Smith's Criminal Case Compendium

Smith's Criminal Case Compendium

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This compendium includes significant criminal cases by the U.S. Supreme Court & N.C. appellate courts, Nov. 2008 – Present. Selected 4th Circuit cases also are included.

Jessica Smith prepared case summaries Nov. 2008-June 4, 2019; later summaries are prepared by other School staff.

Instructions

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E.g., 10/19/2021
E.g., 10/19/2021

In 2015, the defendant was charged with several drug crimes and with having attained habitual felon status. In November 2016, a forensic psychologist evaluated the defendant and determined that he suffered from an intellectual disability, memory impairment, and overall neurological...

Defendant was charged in 2012 with several counts of second-degree sex offense and taking indecent liberties against his step-daughter, and went to trial in 2018. During the intervening six years, defendant received a total of seven mental health evaluations in which there were “...

The defendant was on trial for four counts of embezzlement when she attempted to commit suicide by ingesting 60 Xanax tablets during an evening recess. The defendant was found unresponsive, taken to the hospital, and involuntarily committed for evaluation and treatment. The trial was...

In 2007, the defendant shot and killed one victim, a family friend, and seriously injured a second victim, his mother. After he was arrested and charged with murder and attempted murder, the defendant was evaluated and found to be suffering from paranoid schizophrenia and substance abuse...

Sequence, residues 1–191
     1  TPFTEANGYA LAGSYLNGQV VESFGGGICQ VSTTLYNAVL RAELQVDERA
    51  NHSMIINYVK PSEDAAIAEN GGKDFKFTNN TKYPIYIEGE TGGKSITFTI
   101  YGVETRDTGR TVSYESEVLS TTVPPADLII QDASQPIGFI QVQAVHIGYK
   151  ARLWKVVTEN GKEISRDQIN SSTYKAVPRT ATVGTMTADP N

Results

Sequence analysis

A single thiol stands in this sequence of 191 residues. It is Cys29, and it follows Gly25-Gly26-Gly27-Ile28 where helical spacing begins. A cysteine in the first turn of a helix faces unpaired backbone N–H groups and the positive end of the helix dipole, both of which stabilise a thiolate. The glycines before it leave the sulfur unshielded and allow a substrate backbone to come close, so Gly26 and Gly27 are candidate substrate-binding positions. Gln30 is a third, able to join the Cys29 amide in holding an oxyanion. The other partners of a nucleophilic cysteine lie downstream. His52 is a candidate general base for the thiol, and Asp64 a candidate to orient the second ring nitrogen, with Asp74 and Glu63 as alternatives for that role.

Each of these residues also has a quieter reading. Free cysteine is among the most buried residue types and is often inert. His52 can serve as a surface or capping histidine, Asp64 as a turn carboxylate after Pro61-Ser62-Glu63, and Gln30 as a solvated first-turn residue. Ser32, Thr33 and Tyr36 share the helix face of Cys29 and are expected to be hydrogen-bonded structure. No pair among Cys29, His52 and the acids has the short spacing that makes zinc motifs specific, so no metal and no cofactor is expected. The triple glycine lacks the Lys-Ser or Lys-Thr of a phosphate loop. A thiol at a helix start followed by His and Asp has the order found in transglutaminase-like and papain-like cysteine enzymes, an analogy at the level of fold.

In this drug trafficking case, the trial court erred by failing to appoint an expert to investigate the defendant’s competency to stand trial. Prior to the start of trial, defense counsel expressed concern about the defendant having fallen asleep in the courtroom. The trial court conducted a...

Where the defendant voluntarily ingested a large quantity of sedative, hypnotic or anxiolytic medications and alcohol during jury deliberations of his non-capital trial, the trial court did not err by failing to conduct a sua sponte competency hearing. The court relied on the fact that the...

The court rejected the defendant’s argument that his due process rights were violated when the trial court failed to sua sponte conduct a second competency hearing. The court held that the record demonstrated the defendant’s competency, that there was no evidence that his competency was...

(1) The trial court did not err by failing to inquire, sua sponte, about the defendant’s competency after he was involuntarily committed to a psychiatric unit during trial. After the defendant failed to appear in court mid-trial and defense counsel was unable to explain his absence, the...

The trial court erred by failing to sua sponte order a hearing to evaluate the defendant’s competency to stand trial. Although no one raised an issue of competency, a trial court has a constitutional duty to sua sponte hold a competency hearing if there is substantial evidence indicating that...

The trial court erred by failing to sua sponte inquire into the defendant’s competency. In light of the defendant’s history of mental illness, including paranoid schizophrenia and bipolar disorder, her remarks that her appointed counsel was working for the State and that the trial court wanted...

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